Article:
# Complex roots of quartic polynomial

This is a question from an undergraduate course on Galois theory:

Find all complex numbers which are roots of $P(T)=T^4+2T^2-\sqrt{6}T+\frac{3}{4}$

Can we use Galois theory to solves this?

Or do we just do soem long calculations to get quadratic polynomials $A(T)$ and $B(T)$ such that $P(T)=A(T)B(T)$ and then use quadratic formula?

$P(T)=T^4+2T^2-\sqrt{6}T+\frac{3}{4}=(T^2+aT+b)(T^2+cT+d)=T^4+(c+a)T^3+(d+ac+b)T^2+(ad+bc)T+bd$

$\implies$

$c+a=0 \implies a=-c$

$d+ac+b=2 \implies d-c^2+b=2 \implies c=\sqrt{d+b-2}$

$ad+bc=-\sqrt{6} \implies -d\sqrt{d+b-2}+b\sqrt{d+b-2}=-\sqrt{6}$

$bd=\frac{3}{4} \implies b=\frac{3}{4d}$

This leads to: $-d\sqrt{d+\frac{3}{4d}-2}+\frac{3}{4d}\sqrt{d+\frac{3}{4d}-2}=-\sqrt{6}=(\frac{3}{4d}-d)\sqrt{d+\frac{3}{4d}-2}$

Squaring both sides gives: $(\frac{3}{4d}-d)^2({d+\frac{3}{4d}-2})=6$

Then we have a cubic in $d$ which I can not solve

So this would us a value of $d$ and , in turn, a value of $b$, $c$ and $a$, then we could use the quadratic formula to find complex roots.

This is very lengthy (not ideal under exam timed conditions)

Is there a more efficient way to solve this problem?

• With the $ad+bc=-\sqrt 6$ I would be tempted to multiply through by $d$ to get $-cd^2+cbd =-d\sqrt 6\to -c(d^2+\frac 34)=-d\sqrt 6$ and then solve for $d$ in terms of $c$... This doesn't alleviate the overall time issue much. Apr 19, 2016 at 22:57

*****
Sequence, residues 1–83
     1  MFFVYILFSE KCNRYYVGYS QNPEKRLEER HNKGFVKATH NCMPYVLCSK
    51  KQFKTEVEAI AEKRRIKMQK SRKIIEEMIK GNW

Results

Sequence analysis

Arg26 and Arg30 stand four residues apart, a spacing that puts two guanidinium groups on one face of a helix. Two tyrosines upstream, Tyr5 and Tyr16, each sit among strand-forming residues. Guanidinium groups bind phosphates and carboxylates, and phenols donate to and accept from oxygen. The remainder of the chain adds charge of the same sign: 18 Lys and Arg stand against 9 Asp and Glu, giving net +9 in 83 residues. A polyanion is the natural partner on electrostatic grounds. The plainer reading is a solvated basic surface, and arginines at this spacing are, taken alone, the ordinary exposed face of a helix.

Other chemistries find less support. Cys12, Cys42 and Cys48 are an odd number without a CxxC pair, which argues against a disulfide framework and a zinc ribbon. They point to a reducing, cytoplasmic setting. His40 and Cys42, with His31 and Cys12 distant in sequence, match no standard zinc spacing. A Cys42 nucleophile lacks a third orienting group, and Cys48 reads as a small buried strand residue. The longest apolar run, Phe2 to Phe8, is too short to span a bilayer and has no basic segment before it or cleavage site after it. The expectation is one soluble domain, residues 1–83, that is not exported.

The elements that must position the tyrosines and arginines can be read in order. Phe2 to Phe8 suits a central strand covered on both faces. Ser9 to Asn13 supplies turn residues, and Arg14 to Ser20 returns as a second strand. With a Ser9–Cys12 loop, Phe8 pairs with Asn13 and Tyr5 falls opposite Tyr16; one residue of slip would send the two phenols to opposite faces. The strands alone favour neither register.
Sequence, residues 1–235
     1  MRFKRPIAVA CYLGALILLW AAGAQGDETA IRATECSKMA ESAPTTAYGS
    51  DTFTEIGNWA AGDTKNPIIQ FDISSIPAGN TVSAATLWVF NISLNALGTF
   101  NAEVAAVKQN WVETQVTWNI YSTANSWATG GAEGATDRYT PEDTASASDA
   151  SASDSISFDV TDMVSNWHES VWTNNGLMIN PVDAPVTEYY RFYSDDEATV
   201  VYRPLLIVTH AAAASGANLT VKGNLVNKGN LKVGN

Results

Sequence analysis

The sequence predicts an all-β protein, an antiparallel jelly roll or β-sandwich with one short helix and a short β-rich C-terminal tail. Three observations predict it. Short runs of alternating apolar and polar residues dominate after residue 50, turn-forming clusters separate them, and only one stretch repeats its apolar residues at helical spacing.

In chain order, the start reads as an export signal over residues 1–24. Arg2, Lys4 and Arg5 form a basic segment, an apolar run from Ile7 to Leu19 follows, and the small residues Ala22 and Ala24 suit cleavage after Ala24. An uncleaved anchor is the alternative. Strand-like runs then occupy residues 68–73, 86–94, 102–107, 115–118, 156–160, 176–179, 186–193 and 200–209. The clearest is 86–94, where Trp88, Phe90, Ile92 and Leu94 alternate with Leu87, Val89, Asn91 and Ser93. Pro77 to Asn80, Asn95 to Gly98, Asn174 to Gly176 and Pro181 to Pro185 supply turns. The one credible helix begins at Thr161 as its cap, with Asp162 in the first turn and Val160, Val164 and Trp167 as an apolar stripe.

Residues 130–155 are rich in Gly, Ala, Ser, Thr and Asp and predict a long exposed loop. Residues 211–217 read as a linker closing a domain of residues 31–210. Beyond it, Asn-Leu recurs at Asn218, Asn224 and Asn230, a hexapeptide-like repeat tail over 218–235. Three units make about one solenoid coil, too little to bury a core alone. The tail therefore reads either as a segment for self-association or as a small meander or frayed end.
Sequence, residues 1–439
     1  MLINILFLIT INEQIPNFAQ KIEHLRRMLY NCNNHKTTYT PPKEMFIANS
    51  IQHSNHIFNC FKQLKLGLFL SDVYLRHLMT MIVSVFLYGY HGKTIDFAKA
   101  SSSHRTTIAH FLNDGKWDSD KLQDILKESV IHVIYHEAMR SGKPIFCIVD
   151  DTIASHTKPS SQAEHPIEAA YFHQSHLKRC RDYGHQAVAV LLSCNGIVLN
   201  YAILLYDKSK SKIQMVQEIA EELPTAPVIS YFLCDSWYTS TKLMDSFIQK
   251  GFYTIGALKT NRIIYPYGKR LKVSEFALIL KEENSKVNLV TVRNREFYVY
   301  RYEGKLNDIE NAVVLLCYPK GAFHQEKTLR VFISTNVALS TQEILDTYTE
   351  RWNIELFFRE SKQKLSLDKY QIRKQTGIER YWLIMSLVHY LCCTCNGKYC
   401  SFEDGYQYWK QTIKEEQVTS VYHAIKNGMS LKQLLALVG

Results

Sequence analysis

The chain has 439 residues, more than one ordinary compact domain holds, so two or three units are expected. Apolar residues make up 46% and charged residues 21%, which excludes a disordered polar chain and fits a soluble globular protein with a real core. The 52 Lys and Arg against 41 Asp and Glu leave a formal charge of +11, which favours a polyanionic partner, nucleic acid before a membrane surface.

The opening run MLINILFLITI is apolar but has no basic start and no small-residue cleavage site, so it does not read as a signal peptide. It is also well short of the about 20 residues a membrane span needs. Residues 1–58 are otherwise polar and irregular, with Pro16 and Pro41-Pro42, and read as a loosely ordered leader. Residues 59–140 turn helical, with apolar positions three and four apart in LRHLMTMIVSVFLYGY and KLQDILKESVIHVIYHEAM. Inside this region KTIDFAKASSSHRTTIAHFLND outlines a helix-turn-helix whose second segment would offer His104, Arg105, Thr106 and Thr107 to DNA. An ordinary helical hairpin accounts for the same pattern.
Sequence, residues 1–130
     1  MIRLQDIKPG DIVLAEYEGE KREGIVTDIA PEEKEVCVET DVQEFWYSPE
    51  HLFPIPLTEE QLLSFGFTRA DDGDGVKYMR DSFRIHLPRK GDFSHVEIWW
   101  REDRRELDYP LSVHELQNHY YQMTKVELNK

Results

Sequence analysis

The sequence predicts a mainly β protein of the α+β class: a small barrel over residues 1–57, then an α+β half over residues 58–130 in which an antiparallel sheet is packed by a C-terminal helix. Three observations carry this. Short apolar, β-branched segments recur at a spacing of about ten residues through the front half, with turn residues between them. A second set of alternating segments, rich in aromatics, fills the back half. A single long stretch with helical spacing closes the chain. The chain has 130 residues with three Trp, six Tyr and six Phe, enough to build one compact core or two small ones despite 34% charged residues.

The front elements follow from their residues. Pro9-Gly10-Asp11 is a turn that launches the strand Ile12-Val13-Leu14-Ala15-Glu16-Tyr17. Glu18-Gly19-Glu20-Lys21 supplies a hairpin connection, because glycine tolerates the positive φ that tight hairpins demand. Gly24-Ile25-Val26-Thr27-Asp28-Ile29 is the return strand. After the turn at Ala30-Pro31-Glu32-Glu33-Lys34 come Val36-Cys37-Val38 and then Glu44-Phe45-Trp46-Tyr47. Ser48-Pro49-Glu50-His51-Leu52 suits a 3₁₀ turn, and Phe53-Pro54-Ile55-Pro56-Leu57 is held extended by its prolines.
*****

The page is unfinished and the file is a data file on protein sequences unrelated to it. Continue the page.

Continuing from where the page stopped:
• OK thanks. This is a recurring question on Galois Theory papers of my course and I have calculated I can spend 7 minutes on it..... This method takes me much longer tho Apr 19, 2016 at 23:25

(Too long for a comment.)

Just some heuristics, which happen to pay off in this case, though not necessarily always.

• Calculations are always easier/faster in integers. With $$\,z = \sqrt{6}\, T\,$$ the equation becomes: $$z^4 + 12 z^2 + 36 z + 27 = 0$$

• A quadratic factorization can be written as a sum or difference of squares, which may sometimes be easier to spot than the factorization itself. Here, remembering the original equation, it is expected that at least one of the squares may have a multiple of $$6$$ multiplier, which narrows down the guessing range somewhat. With a stroke of luck, one may find: \begin{align} z^4 + 12 z^2 + 36 z + 27 &= (z^2-3)^2 + 18 (z+1)^2 \\ &= \left(z^2 + 3 \sqrt{2}\,i\,z - 3 + 3 \sqrt{2}\,i\right)\left(z^2 - 3 \sqrt{2}\,i\,z - 3 - 3 \sqrt{2}\,i\right) \end{align}

• However, the calculations would be easier with real quadratics, and such factorization must exist. With more stroke of luck, one may find: \begin{align} z^4 + 12 z^2 + 36 z + 27 &= (z^2 + 9)^2 - 6(z-3)^2 \\ &= \left(z^2 + \sqrt{6} z + 9 - 3\sqrt{6}\right)\left(z^2 - \sqrt{6} z + 9 + 3\sqrt{6}\right) \end{align} From here, it's just a matter of calculating the roots and reversing the substitution back to $$\,T\,$$.

• Thanks, so much! Comments removed in a few seconds. Jul 8, 2023 at 8:46

If $$\alpha$$ is a root of $$P$$ then $$\frac{\alpha^4 + 2 \alpha^2 + 3/4}{\alpha} = \sqrt 6 \in \mathbb Q(\alpha)$$ so $$\alpha$$ is quadratic over $$\mathbb Q(\sqrt 6)$$ and $$P$$ factors as $$P(x) = (x^2 + a x + b)(x^2 - a x + c)$$ over $$\mathbb Q(\sqrt 6)$$. In particular $$a^2 > 0$$, since $$\mathbb Q(\sqrt 6) \subset \mathbb R$$. Expanding the product above and some algebraic manipulation leads to $$(a^2 + 2)^2 - \frac 6 {a^2} = 3.$$ Together with $$a^2 > 0$$ this shows that $$a = \pm1$$ and the factorization can be completed from there.